Saturday, November 21, 2020

EIA's Monthly Dashboards -- November, 2020

EIA dashboards:

Look at the size of these Bakken wells compared to the Permian wells:

Sterling Hayden

I had not paid much attention to Sterling Hayden until I watched Dr Strangelove (again) on TCM. I didn't watch much of the movie this time; I've watched it numerous times. But the TCM presenter focused on Sterling Hayden. I was curious to learn more. Interesting story

How Slim Pickens ended up in the movie.

The Big Short

I have the DVD but have never watched it. I saw the movie for the first time tonight on Pluto TV. A very, very worthwhile film. 

From wiki:

In 2005, eccentric hedge fund manager Michael Burry discovers that the United States housing market, based on high-risk subprime loans, is extremely unstable. Anticipating the market's collapse in the second quarter of 2007, as interest rates would rise from adjustable-rate mortgages, he proposes to create a credit default swap market, allowing him to bet against market-based mortgage-backed securities, for profit.

His long-term bet, exceeding $1 billion, is accepted by major investment and commercial banks but requires paying substantial monthly premiums. This sparks his main client, Lawrence Fields, to accuse him of "wasting" capital while many clients demand that he reverse and sell, but Burry refuses. Under pressure, he eventually restricts withdrawals, angering investors, and Lawrence sues Burry. Eventually, the market collapses and his fund's value increases by 489% with an overall profit (even allowing for the massive premiums) of over $2.69 billion, with Lawrence receiving $489 million alone.

As Promised

Last night I posted a photo of my dad (and his dog) taken when he was about sixteen years old, working on his farm outside Newell, SD.

I mentioned that I would post a second photo later. Tonight is later. 

My sister found these photos at the bottom of one of her drawers; none of us -- except perhaps that one sister -- had seen these photos before. 

My father enlisted in the US Coast Guard early in WWII to avoid being drafted into the US Army. During wartime, the US Coast Guard becomes part of the US Navy. I tell Dad's story elsewhere. 

This is the photo of a farm boy on a troop carrier. It could be on the Pacific Ocean, the Atlantic Ocean, or the Mediterranean Sea. I'm betting the Pacific Ocean. Machts nichts. If this is 1944, dad would have been twenty-two years old.

One wonders who took the photograph, and after getting it developed how the photo ended up in Dad's hands, and then survived through the rest of the war, to somehow end up in the bottom of a drawer in a house that underwent major renovation some years ago, when much would have been thrown out.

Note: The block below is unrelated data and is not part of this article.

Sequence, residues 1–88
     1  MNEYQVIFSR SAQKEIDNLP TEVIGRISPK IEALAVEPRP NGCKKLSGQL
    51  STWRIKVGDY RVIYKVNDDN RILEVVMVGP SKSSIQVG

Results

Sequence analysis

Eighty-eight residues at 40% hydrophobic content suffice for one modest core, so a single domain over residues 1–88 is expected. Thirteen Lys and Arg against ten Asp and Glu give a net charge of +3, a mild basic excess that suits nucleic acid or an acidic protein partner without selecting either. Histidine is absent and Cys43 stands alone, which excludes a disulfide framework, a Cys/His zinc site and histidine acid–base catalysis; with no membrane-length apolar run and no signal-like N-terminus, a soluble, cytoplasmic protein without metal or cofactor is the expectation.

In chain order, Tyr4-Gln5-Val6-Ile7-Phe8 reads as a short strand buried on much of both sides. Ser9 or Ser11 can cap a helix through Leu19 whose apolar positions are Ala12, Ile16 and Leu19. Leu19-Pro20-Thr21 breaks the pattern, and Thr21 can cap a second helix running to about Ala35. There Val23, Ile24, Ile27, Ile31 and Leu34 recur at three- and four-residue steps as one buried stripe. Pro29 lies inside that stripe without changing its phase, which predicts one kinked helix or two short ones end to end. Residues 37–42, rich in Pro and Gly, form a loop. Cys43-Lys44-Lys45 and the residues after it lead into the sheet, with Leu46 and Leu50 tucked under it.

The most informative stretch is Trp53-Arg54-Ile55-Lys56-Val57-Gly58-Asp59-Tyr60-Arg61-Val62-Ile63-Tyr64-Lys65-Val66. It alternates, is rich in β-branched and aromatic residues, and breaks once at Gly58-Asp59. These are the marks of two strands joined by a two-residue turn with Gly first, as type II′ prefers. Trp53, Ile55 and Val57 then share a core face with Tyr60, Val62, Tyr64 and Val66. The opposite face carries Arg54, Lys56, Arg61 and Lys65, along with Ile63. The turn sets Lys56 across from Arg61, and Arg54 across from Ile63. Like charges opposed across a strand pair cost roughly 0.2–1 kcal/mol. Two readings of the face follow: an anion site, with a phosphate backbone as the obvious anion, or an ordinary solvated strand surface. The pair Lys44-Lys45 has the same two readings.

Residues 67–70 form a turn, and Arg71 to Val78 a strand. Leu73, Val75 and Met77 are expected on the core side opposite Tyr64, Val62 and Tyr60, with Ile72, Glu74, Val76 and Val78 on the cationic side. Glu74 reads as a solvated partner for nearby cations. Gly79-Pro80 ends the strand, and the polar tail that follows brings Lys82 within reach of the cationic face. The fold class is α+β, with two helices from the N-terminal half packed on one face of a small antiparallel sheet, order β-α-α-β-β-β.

Early on, Dad had a huge problem with seasickness. He was about to be kicked out of the US Navy because of that but he pleaded his case in front of the ship's captain telling him that his dad (my grandfather) would be sorely disappointed if he came home before the war was over. 

Dad got over his seasickness, survived the war (in both theaters), honorably discharged, and returned back to South Dakota.

College Football Is In Shambles -- But We Already Knew That -- November 21, 2020

Re-posting from November 12, 2020:

College Football: November 12, 2020

Last night I said this year's college season was dead. It was a bit harsh the way I said it. I wasn't sure I should have posted it. But I left it up. I'm glad I did.

Overnight, this story: college football limps toward the pandemic season's conclusion. From, of all places, The WSJ. Even The WSJ knows this season has been a joke. The season is in shambles. I may sound too harsh, but sometimes the truth hurts. No sugar coating this debacle. Wait until we start seeing stories of how much money the universities and colleges lost this year.



Sunday, November 22, 2020: there more be more to this Clemson-Florida State story. The player that tested positive was a backup lineman for Clemson. On that meager excuse, Florida State said it would not play. In addition, though both teams are free December 12, 2020, Florida State would not commit to that date to play Clemson. Clearly, Florida State does not want to play Clemson this year, LOL. Link here.

Original Post

Today's Clemson - Florida Game "Postponed" At Last Minute: 
November  21, 2020

Huge loss for everyone. Incalculable. Say that fast three times 

Why? One Clemson player tested positive. Yup. One play tested positive. 

I still argue that if any team does not show up for a scheduled game, regardless of reason, forfeits the game. If neither team shows up, it goes down as a tie. 

So, when do the "call" the season? 

Can't wait to listen to talk TV on Monday.

Weekend Wrap-Up

For the archives. I really don't care.

  • Projecting Sunday's new AP top 26 rankings. Link here, November 22, 2020.
  • Refs block chainless, fuel-empty chain saw mascot from field: Read the social comments, puts things into perspective.
  • Michigan barely outlasts Rutgers. Wins in third overtime. LOL. Michigan?
  • Undefeated Liberty University finally defeated by UNC.